“A number of agencies are going to iPads,” Executive Director Curtis Law said to the board of commissioners. “… It is proving to be much more cost effective.”

He promised to take it slow, which resulted in hearty laughter.

“We’re going to look into this, maybe have a prototype. I was hoping that one commissioner would volunteer. Then we thought we would do, once we had everyone comfortable, that we would always have a book here on the table. A reference book. When you think about the time that we spend Xeroxing these books and everything and the time that we have to turn around delivering all of this, we have found some of the boards are moving toward iPads.”

The wave of the future also included the threat of using Skype. One commissioner said that would give everyone the opportunity to dress in a business fashion from the waist up, like television commentators do.

Law said the agency might try to get a grant to pay for the iPads.

“We will have training,” Law said. “Therapy if needed.”


36 responses to “Norwalk move into digital age gets mixed reaction”

  1. anonymous

    @Chapman who paid for these Ipads? Did Norwalk stop delivering paper copies? Why hand-delivered, is there no mail cubby in City Hall for common council members?

    @McCarthy agree with you and I usually don’t. To those council members who took one, buy your own!

  2. JC

    Not a fan of either David (how’s that for bipartisan) but I think FOI does come into play here. Anything Watts does or downloads on his city issued iPad is up for grabs. With McCarthy using his own personal iPad, he’s got more protection.

    Imagine how different the tone of the article would be if terms like “caveman,” “height of arrogance,” and “partisan” were left out of the exchanges between the Davids. How about a simple, “I’ve been using my personal iPad for a year – it’s been great.” Or, “I didn’t realize Dave was using an iPad. Good to know that if I have any questions about navigating council documents I can ask him.”

  3. John Hamlin

    What I find unfortunate is that all the venom and energy is spent on hurling insults and arguing over things like iPads when there are serious issues to be discussed and serious problems to be addressed. Figure out if you want an iPad or not and get on with it.

  4. Casey Smith

    “Norwalk council members are joining the 21st century three years after their counterparts in New Haven, said Councilman David Watts (D-District A) (D-District A), who referred to an animated version of the Stone Age in response to a “partisan” attack on the topic from fellow Councilman David McCarthy (R-District E).”
    Note to David Watts – We’re not New Haven. We’re not New Canaan, where they also use iPads. We live in Norwalk, which by the way, is not in the Stone Age. However, if you truly believe that, Mr. Watts, maybe you’d be happier living in New Haven, where the roads are smoother, the schools are newer and iPads are issued all around.

    Norwalk has made several strides forward in terms of technology over the past few years (witness the upgrades in the Council Chambers) but when the iPads were issued to Council Members, it cames down to a partisan attack? How sad.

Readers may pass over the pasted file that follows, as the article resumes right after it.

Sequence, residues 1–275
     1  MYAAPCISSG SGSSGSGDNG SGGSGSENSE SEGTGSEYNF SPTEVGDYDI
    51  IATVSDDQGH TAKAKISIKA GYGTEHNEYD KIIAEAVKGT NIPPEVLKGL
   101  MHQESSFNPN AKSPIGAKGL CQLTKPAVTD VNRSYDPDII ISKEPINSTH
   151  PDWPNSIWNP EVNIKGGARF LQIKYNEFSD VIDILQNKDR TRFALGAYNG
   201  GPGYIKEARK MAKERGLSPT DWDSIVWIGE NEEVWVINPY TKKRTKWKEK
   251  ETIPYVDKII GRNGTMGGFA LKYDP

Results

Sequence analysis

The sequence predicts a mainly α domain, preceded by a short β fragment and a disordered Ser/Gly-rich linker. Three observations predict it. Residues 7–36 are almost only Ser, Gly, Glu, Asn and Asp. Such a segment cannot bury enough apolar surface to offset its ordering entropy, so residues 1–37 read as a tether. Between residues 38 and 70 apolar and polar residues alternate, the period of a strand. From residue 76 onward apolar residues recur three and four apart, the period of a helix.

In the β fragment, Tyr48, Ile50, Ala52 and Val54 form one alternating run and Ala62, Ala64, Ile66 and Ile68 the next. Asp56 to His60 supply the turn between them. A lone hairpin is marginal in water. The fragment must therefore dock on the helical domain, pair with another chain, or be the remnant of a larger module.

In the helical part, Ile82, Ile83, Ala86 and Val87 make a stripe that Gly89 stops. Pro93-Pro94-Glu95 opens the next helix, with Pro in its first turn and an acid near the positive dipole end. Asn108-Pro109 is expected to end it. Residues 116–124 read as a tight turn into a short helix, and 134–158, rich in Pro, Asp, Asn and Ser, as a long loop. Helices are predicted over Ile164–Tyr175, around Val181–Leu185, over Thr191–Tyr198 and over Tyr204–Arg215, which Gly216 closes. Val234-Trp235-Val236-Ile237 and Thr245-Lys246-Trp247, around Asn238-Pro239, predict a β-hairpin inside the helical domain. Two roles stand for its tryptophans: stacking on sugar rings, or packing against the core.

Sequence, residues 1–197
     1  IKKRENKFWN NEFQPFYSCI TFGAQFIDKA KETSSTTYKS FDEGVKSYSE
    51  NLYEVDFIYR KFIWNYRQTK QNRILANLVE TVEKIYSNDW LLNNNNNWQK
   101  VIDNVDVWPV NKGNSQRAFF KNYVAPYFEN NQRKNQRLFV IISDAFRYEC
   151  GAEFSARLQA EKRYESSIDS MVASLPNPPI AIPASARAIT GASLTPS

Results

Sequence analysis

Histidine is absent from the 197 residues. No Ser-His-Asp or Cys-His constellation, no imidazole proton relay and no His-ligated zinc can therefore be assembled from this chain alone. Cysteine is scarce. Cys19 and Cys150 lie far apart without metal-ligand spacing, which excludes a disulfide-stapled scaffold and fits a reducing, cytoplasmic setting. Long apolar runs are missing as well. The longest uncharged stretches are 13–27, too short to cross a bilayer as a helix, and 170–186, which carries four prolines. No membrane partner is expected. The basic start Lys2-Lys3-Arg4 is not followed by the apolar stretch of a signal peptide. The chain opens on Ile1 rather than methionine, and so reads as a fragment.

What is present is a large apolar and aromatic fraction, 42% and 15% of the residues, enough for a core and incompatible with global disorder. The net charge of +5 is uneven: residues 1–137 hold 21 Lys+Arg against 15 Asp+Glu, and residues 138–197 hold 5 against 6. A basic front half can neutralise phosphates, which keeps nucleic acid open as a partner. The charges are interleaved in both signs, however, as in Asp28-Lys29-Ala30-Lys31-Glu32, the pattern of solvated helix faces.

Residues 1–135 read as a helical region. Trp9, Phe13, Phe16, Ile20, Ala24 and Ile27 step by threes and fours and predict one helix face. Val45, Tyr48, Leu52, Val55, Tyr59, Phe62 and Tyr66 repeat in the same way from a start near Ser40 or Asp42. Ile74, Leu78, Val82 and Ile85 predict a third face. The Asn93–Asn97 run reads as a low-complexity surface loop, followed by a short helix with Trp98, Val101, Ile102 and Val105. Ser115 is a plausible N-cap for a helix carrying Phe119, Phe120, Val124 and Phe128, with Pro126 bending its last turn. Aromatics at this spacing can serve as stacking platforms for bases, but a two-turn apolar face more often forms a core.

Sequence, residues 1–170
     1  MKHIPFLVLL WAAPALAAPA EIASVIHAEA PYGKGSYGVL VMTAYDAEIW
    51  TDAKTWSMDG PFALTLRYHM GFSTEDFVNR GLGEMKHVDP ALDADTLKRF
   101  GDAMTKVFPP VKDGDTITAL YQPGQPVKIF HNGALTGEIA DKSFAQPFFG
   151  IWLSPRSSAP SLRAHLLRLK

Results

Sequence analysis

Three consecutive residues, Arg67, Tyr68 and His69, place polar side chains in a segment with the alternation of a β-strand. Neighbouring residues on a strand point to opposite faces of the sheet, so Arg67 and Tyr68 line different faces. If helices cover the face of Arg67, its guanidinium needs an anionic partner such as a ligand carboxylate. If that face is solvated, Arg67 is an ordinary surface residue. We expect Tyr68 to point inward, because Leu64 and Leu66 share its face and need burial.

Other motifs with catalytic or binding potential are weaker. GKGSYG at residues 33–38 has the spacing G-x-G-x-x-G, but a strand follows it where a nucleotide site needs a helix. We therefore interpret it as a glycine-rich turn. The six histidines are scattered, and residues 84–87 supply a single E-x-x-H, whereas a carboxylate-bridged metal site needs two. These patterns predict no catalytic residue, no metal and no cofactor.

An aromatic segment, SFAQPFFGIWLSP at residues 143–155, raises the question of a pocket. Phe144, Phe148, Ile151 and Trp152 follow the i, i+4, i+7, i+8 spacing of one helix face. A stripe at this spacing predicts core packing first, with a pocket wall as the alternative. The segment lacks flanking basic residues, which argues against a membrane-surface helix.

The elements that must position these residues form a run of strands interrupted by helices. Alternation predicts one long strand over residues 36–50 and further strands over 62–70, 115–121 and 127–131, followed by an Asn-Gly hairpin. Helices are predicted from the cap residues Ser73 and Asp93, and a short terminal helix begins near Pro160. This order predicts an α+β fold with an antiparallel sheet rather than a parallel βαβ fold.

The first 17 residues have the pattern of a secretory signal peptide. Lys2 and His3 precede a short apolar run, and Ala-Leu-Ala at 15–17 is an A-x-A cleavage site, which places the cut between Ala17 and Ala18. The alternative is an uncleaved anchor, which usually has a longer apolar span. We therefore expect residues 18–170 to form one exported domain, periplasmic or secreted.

5. Bruce Kimmel

    This is an interesting discussion.
    In the past, I tried to use my laptop to review council material. I found it very difficult, going back and forth, highlighting this and that, and then at meetings it was hard to quickly address certain portions of the backup material. Remember, often we are dealing with hundreds of pages of backup; it’s not that easy to scroll up and down and find a specific reference. When I brought this up to the city’s tech staff, they seemed to agree and I had thought that the issue was dead.
    My guess is that those folks who carefully read the backup — folks like McCarthy and Miklave, who are mentioned in the article — find it extremely difficult to use any type of computer to both prepare for meetings and to participate in meetings. Planning Committee backup, for instance, often contains upfront summaries that are based on buried details spread out in very long documents. And sometimes the summaries do not accurately reflect the details; or leave certain details out.
    My point is, these documents are complicated and often we see Council members arrive at meetings with all types of paper clips, bent pages, etc., to help them get through the discussions. We also see council members arrive at meetings empty handed, or with unread packets.

  6. Joe Espo

    @Anonymous poses a valid question: where did the IT department get the money to purchase at least 18 new iPad Airs? One for each council member, and one each for the City Clerk, the Mayor and Corporation Counsel (they also get packets)? If these are mid-level 64GB models, big enough to store two year’s worth or more of council packets (for the duration of a council member’s term), that’s $12,600 @$699ea, not including taxes and apps. Chances are that a couple of other people are getting them, too.

  7. the donut hole

    The question is, will Watts actually read the packets again? Hey, if he sits there and watches Netflix during council meetings, maybe we wouldn’t have to suffer his useless, uninformed ramblings.